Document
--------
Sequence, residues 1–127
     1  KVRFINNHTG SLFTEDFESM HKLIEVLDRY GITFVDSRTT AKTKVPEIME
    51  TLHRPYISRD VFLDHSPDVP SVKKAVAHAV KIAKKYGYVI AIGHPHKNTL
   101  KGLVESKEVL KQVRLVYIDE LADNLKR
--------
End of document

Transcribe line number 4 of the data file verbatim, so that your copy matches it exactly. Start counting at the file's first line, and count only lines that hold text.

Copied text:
   101  KGLVESKEVL KQVRLVYIDE LADNLKR